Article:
RESPONSE: Coleman cannot truthfully admit or deny section 1.c. of this Request as there is no evidence in this case, via the opinion of an expert or otherwise, that all services rendered to treat Sean Underhill's condition were reasonable.
2. Admit, as to Exhibit B, which are medical records produced by Anderson Hospital that:
a. The medical records attached as Exhibit B are true and accurate copies of medical records of Anderson Hospital, with regard to care and treatment provided to Sean Underhill.
RESPONSE: Coleman cannot truthfully admit or deny section 2.1. of this Request as Coleman has never examined the genuine originals of medical bills created for the care of Sean Underhill. Consequently, Coleman cannot truthfully admit or deny whether Exhibit B constitutes genuine copies of originals that Coleman has never seen.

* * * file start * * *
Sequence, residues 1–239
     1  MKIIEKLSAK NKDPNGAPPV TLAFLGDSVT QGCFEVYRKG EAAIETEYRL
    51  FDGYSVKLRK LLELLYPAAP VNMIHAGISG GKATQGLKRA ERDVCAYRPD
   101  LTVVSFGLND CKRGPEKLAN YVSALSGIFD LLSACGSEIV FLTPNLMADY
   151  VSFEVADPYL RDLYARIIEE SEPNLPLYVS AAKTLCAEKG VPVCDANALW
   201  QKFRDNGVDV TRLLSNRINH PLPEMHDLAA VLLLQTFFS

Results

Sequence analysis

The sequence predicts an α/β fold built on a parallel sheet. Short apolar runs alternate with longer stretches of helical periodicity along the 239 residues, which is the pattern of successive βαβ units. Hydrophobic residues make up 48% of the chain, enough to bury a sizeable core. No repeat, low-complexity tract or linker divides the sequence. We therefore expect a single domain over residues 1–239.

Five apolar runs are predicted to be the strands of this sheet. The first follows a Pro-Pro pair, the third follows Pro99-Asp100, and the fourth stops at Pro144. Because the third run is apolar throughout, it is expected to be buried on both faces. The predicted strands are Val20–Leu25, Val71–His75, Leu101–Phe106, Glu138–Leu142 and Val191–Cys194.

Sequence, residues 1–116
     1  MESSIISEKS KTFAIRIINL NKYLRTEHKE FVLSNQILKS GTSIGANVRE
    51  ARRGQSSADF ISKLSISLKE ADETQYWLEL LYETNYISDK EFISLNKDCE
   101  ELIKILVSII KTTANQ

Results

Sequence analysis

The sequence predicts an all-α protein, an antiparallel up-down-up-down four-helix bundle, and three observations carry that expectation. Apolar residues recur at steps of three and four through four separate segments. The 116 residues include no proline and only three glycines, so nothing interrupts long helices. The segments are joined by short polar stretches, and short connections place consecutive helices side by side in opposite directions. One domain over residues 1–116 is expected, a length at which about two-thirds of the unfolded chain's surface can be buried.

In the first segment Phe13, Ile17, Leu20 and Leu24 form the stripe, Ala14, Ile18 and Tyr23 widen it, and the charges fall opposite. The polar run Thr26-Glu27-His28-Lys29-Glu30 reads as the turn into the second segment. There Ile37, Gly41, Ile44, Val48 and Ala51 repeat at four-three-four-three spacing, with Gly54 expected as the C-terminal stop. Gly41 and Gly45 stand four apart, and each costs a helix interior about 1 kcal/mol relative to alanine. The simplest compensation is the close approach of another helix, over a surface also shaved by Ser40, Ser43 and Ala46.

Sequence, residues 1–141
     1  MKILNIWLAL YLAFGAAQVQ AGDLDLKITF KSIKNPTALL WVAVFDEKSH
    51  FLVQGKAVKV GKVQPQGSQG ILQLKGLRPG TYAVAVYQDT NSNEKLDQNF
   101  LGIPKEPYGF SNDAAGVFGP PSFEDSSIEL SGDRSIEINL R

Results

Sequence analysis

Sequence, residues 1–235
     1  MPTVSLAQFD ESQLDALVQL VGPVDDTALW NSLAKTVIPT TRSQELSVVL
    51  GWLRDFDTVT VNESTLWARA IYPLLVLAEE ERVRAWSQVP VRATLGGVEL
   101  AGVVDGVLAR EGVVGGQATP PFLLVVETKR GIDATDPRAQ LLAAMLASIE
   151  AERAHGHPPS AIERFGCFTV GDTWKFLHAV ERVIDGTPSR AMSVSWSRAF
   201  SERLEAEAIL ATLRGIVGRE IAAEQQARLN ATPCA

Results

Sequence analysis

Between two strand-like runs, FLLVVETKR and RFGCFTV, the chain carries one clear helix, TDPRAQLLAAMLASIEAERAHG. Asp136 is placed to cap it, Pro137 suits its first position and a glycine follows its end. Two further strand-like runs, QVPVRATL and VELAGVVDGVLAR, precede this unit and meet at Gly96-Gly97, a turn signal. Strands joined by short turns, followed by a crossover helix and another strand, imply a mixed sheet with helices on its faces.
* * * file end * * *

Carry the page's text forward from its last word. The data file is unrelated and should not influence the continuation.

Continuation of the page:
b. The medical records attached as Exhibit B were created and maintained in the ordinary course of business of Anderson Hospital and were created by or at the direction of someone with knowledge of the material contained therein at or around the time the treatment or care was provided to Sean Underhill.
RESPONSE: Coleman cannot truthfully admit or deny section 2.b. of this Request as there is no evidence from hospital personnel that the records contained in Exhibit B were (1) created and maintained in the ordinary course of business of Anderson Hospital, (2) created by or at the direction of someone with knowledge of the material contained therein, or (3) that they were created at or around the time the treatment or care was provided to Sean Underhill.
Plaintiffs explain that they are attempting to narrow issues for trial by seeking admissions from Coleman regarding medical records. Plaintiffs argue that Coleman's responses are insufficient because they do not contain an adequate explanation of the measures taken to determine whether the request can be answered (Doc. 48). Plaintiffs seek sanctions against Coleman pursuant to Fed. R. Civ. P. 37(c)(2) for failure to admit, to include reasonable expenses and attorney's fees, and ask that Coleman's responses be stricken and the requests deemed admitted.